If you think about what the Satanic Temple has accomplished recently, it’s impressive for any group, much less one you didn’t even know existed before 2013.
They pressured Oklahoma to reconsider a Ten Commandments monument at its State Capitol building because they wanted a statue of Baphomet in the same space. (The Christian monument was eventually deemed illegal, anyway.) They got a Florida school district to ban Bible distributions because they wanted to give away Satanic-themed coloring books. They got a Satanic display in the Florida State Capitol building to join the Nativity scene last winter. And, perhaps most significantly, they sued the Governor of Missouri on behalf of a member who didn’t want to wait for the 72-hour mandatory waiting period to pass before she could obtain an abortion. She used the argument that waiting so long violated her “religious freedom.”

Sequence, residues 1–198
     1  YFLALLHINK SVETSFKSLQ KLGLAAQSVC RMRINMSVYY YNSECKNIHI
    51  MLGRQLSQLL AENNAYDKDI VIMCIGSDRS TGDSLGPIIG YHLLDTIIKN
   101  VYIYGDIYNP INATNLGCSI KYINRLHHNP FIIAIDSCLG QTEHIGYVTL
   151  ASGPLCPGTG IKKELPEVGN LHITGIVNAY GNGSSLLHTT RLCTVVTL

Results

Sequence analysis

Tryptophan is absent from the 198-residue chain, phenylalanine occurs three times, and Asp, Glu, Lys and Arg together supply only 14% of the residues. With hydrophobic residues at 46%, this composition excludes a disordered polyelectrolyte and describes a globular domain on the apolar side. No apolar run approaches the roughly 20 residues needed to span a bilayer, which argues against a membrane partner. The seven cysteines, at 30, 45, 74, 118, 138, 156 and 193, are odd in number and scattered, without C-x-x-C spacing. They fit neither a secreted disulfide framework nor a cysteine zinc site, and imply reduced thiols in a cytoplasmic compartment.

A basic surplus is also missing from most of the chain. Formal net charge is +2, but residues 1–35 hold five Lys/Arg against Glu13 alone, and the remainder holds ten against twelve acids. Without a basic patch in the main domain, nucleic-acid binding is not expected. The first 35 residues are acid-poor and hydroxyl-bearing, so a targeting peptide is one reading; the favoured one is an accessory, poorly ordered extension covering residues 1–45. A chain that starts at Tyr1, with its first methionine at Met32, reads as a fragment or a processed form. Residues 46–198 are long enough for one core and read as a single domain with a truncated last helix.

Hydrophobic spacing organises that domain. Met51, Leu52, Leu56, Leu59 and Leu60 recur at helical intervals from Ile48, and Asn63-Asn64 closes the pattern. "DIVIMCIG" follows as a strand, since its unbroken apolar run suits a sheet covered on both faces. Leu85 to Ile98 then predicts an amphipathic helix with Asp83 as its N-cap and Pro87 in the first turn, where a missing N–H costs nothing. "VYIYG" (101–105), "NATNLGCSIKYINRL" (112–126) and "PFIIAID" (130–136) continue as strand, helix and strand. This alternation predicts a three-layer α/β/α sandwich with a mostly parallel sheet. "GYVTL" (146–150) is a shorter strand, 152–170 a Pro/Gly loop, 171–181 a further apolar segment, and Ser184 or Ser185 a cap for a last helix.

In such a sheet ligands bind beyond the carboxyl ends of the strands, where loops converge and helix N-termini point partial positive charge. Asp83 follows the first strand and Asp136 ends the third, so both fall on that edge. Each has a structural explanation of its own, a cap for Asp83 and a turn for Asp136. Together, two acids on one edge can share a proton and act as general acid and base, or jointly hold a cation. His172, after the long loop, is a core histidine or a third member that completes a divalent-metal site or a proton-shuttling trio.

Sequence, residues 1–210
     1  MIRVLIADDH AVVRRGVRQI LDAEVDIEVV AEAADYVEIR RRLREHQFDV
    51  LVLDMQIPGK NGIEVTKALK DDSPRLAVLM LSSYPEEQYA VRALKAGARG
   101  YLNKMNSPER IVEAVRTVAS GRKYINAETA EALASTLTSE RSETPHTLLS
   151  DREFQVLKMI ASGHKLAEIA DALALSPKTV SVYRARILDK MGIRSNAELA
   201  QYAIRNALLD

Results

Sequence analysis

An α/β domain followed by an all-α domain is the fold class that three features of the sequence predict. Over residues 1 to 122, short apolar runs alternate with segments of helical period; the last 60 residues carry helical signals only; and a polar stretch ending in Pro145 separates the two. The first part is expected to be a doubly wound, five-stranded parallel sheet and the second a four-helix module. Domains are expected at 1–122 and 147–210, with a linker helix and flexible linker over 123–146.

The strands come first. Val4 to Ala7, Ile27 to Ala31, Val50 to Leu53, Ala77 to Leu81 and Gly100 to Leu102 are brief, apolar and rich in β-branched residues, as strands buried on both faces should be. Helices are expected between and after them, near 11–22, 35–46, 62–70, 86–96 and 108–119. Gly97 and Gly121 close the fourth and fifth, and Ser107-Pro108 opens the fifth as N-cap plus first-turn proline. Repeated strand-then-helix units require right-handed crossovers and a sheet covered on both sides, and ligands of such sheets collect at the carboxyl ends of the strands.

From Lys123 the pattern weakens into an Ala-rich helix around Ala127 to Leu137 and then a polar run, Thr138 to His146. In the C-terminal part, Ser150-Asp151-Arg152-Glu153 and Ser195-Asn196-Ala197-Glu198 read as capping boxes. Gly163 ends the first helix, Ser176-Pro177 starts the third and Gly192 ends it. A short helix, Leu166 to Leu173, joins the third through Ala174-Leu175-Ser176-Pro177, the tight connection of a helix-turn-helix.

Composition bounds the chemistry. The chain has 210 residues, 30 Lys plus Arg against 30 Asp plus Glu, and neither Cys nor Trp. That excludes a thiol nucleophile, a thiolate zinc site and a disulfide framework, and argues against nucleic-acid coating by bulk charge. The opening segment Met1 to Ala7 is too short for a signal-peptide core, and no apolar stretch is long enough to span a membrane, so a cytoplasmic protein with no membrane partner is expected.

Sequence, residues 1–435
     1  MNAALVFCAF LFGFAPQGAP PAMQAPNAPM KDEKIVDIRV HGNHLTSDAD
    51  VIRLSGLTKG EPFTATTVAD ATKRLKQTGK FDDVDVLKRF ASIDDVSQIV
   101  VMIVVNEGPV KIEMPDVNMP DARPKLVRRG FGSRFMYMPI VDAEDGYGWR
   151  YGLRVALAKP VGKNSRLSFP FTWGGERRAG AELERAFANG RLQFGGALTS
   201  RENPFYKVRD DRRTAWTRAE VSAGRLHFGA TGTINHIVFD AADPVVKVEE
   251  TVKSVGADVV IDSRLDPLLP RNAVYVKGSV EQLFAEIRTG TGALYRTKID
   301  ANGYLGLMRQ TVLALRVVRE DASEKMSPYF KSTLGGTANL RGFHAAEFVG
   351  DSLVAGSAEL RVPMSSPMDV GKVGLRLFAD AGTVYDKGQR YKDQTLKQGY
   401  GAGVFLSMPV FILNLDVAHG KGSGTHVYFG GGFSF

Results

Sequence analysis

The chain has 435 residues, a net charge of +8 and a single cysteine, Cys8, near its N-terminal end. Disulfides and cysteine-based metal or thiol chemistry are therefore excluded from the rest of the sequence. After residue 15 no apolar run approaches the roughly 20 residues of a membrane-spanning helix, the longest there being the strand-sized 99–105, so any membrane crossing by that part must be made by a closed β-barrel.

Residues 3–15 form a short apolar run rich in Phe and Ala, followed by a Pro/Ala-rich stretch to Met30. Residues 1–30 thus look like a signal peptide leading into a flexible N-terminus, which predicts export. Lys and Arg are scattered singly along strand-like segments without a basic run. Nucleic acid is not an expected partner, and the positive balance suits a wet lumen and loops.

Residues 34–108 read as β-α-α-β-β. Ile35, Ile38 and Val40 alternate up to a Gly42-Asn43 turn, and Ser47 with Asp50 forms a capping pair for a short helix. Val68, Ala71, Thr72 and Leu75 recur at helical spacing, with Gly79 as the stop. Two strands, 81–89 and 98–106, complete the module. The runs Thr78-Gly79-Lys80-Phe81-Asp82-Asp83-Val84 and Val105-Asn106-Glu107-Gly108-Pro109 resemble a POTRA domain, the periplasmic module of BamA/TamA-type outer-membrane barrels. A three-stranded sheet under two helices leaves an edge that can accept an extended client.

It’s easy to forget that the Satanic Temple doesn’t actually believe in anything supernatural, including Satan. Yet they’ve forced government officials to recognize that if they want to grant privileges to the Christian majority by saying the door is open to all religions, they may have to treat Satanists the same way. It’s an argument that doesn’t always work with atheist groups who explicitly reject God.